In an interview with the "2000" newspaper on 21 January 2005, Vladyslav Kaskiv, a Pora coordinator, denied that international organizations had anything to do with the process of providing training or education to Pora members. Kaskiv also categorically denied that the Soros Foundation gave them any money. "If there had been Western support, I personally would not have seen anything bad about it," he said "And Pora would have accepted it with great delight." But he said the Soros Foundation in Ukraine categorically refused. For its part, the NED provided more than $240,000 for projects "to mobilize Ukrainian youth to greater political participation" from 2001-04, according to NED records, but it also did not contribute money directly to Pora. Another program to encourage young people to vote netted more than $100,000 in 2004 alone.
Shortly after Ukraine's Orange Revolution, the Russian weekly "Itogi," No. 51, in 2004 asked NED Director for Central Europe and Eurasia Nadia Diuk what role her organization played in the recent events in Kyiv. She answered: "We have been working in Ukraine since 1989. As in Russia, our programs there have a limited character. In the current situation in Ukraine we are occupied with monitoring the election, conducting parallel vote counts and exit polls. But you know, neither our modest organization nor all of the Western foundations together could bring a million people out on the streets. Ukrainian freedom like any other has a local origin. You can't import freedom and the struggle for it. Would hundreds of thousands of Muscovites really come out for a meeting with Boris Yeltsin and Andrei Sakharov for money?"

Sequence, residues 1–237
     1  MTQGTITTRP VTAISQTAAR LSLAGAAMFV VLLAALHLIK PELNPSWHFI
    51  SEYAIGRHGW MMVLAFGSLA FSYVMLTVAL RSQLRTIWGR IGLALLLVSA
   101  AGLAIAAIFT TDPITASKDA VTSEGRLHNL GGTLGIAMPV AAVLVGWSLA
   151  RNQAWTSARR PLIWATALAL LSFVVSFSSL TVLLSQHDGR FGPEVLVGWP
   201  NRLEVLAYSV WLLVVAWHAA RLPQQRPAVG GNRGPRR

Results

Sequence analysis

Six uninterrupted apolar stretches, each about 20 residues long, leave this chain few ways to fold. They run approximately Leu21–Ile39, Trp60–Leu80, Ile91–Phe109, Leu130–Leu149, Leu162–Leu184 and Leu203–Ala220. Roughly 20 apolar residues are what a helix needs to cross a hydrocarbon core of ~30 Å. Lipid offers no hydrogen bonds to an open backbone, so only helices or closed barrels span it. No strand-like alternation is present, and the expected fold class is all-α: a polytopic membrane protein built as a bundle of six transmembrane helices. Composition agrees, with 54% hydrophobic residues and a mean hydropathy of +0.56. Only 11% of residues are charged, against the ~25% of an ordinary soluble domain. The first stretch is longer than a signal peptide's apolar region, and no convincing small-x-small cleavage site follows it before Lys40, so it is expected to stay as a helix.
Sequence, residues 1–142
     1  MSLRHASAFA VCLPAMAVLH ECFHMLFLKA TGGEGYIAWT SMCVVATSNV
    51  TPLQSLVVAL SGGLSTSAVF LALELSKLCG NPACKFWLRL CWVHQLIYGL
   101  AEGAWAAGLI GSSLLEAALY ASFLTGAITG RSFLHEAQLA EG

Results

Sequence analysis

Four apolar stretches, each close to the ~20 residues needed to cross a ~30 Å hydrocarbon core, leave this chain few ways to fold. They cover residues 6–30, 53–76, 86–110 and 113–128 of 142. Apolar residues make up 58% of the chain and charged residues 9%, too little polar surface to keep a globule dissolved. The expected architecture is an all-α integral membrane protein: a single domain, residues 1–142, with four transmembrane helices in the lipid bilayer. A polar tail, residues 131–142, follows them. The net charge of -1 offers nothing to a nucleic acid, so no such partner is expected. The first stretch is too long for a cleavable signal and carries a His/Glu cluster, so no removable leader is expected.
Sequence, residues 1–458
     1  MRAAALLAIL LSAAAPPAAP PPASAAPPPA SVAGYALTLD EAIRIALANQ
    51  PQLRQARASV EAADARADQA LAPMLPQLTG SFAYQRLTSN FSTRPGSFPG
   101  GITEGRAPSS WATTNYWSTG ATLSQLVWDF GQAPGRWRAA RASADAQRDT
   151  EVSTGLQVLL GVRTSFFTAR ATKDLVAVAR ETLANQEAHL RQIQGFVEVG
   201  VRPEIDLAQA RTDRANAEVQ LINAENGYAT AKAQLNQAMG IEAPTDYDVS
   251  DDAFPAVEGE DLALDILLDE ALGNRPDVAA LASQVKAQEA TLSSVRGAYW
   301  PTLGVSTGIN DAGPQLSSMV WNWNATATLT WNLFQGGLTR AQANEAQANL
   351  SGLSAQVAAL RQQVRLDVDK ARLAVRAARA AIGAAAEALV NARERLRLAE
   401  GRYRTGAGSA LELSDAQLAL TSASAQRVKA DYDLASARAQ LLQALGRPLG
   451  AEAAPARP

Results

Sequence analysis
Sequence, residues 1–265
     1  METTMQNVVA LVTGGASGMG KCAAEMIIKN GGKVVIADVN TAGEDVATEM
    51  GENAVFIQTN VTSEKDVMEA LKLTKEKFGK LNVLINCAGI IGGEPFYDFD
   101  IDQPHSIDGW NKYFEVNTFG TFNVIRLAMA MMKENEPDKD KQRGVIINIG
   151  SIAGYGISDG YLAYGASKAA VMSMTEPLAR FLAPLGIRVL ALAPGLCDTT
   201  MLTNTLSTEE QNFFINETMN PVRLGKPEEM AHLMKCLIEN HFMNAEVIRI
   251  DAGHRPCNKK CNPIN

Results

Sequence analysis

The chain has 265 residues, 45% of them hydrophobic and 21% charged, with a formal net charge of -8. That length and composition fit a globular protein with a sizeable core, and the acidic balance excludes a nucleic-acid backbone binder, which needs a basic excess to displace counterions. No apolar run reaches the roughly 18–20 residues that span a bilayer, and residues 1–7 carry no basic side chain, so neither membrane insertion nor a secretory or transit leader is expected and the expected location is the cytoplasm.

Despite the perception of the losers of regime change in CIS countries that Western governments and foundations have been distressingly successful in their countries, the trend for spending in the area of democracy promotion is downward. For example, the NED's funding, except in the Middle East, has remained flat for the past two years, while separate democracy-building programs have been slashed by 38 percent in Eastern Europe and 46 percent in the former Soviet Union under the current U.S. administration, according to "The Washington Post" on 18 March. Similarly, U.S. Agency for International Development spending on democracy and governance programs was virtually unchanged from two years earlier, if you take away spending on Iraq and Afghanistan. While the pace of regime change in Eurasia may have picked up speed in the past two years, it's not clear that U.S. funds were the accelerating force.
For more on the rise of political youth groups, see RFE/RL's special website "The Power of Youth."